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Steps for More and Better Sleep
Steps for More and Better Sleep
By Madhu Devireddy In News Posted June 27, 2015 0 Comments

I regret that for most of my adult life, I treated sleep as more a luxury than a necessity. There was always something more to do before I crawled under the covers and turned out the light. I realize belatedly that I might have been more productive — and a lot nicer to live with — if I had given sleep its proper due.

By failing to acknowledge chronic sleep deprivation, I dozed during countless cultural events, and on two occasions I fell asleep while driving, barely escaping disaster. I have since reordered my priorities and learned to avoid distractions and activities that can keep me from getting the sleep my body and mind really need.

About 70 million Americans sleep poorly or not nearly long enough to achieve the full physical, emotional and cognitive benefits sleep can bestow. There are myriad reasons, ranging from self-inflicted disruptions to those that are seemingly unavoidable. But there are also potential solutions to most of the factors that can interfere with sleep. For the sake of your health and longevity, I urge you to give them a try.

How much sleep do you need? Sleep requirements depend on age. Newborns sleep 16 to 18 hours a day, preschoolers need 11 to 12 hours, and elementary school children need 10 hours. Adolescents should get 9 to 10 hours, though most teenagers sleep only about seven hours.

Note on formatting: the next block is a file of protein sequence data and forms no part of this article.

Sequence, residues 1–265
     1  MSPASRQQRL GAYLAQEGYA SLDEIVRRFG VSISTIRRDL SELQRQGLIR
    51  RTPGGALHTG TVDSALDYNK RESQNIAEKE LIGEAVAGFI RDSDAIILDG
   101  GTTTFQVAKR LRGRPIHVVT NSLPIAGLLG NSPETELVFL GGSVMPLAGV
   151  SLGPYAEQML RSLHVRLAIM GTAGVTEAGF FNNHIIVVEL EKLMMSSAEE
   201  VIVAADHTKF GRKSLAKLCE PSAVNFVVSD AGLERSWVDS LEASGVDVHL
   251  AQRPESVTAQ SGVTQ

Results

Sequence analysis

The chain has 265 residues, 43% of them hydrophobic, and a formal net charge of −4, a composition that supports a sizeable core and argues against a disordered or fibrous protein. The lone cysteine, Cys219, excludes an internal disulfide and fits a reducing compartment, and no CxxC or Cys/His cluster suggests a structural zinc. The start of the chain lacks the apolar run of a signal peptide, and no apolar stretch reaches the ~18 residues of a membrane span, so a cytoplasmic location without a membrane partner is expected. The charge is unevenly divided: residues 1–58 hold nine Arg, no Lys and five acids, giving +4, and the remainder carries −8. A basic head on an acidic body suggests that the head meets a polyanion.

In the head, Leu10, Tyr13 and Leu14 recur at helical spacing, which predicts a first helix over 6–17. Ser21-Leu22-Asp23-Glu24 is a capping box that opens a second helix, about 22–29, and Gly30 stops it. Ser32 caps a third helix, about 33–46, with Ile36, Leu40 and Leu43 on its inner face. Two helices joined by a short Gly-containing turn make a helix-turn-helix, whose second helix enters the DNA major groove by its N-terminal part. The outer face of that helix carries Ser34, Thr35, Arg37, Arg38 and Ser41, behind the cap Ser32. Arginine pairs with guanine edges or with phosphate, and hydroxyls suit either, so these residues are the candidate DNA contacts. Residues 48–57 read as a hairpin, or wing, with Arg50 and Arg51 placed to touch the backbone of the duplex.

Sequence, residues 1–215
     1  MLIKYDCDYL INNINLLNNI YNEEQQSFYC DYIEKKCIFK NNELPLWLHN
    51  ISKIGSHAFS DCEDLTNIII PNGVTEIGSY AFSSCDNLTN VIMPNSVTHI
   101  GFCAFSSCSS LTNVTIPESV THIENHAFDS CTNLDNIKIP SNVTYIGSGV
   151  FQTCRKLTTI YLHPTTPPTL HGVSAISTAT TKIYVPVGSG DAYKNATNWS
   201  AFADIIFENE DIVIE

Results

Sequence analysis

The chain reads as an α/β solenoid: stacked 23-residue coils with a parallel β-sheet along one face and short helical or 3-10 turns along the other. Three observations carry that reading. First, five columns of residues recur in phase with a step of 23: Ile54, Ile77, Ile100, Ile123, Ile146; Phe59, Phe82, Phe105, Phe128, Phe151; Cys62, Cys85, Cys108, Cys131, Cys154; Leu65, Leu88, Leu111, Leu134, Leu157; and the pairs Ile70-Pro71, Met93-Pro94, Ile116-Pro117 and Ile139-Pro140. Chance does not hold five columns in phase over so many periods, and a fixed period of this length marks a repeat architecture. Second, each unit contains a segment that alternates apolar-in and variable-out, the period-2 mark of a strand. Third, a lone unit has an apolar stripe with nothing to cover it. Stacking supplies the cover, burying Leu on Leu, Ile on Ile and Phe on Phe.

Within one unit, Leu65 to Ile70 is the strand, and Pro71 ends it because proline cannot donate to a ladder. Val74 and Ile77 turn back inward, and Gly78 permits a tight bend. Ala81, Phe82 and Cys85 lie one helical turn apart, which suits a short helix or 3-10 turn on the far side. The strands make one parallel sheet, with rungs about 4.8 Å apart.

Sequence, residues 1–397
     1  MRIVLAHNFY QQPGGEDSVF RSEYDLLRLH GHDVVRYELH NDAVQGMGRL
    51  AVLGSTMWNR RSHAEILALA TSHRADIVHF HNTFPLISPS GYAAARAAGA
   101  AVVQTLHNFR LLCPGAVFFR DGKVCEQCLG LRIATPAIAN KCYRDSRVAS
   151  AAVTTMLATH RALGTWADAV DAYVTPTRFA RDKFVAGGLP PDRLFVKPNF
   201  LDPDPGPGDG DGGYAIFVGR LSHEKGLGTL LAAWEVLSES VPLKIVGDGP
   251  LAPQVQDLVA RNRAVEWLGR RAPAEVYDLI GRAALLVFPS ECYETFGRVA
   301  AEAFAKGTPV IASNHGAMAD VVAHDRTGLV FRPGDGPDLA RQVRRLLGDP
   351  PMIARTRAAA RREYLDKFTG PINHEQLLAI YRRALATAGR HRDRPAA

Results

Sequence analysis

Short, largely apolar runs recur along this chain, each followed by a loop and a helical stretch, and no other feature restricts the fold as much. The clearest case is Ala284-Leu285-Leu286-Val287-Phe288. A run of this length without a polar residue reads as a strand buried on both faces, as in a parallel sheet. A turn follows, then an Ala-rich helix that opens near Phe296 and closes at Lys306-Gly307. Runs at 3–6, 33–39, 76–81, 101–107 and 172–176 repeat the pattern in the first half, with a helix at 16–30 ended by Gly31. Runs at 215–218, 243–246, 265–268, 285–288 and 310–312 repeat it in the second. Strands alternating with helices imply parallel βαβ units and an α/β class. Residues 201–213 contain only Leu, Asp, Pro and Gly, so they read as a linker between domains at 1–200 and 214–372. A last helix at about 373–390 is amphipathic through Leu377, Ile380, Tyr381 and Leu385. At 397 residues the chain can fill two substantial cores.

Given the opportunity to sleep as long as they want, most adults average about eight hours a night. There are individual differences, of course, but the usual range is between seven and nine hours. Getting less than the amount of sleep you need during the school or workweek builds up a sleep debt that cannot be fully erased by “sleeping in” on the weekend. This pattern can also mess up your biological clock, making it hard to get up on Monday morning.

It was long ago shown that a midafternoon nap of about 20 minutes can improve alertness and productivity and reduce mistakes among sleep-deprived workers, yet few employers offer a midday lie-down or provide a place for one.

Age also affects the quality of sleep and the amount of time spent in the various stages of sleep. These include REM, or rapid-eye-movement sleep (often called dream sleep), and three types of non-REM sleep: the light sleep of Stage 1, followed by the more relaxed sleep of Stage 2 and the most restorative deep sleep of Stage 3.

Young children spend most of the night in deep sleep, which is why they can often sleep through … continue

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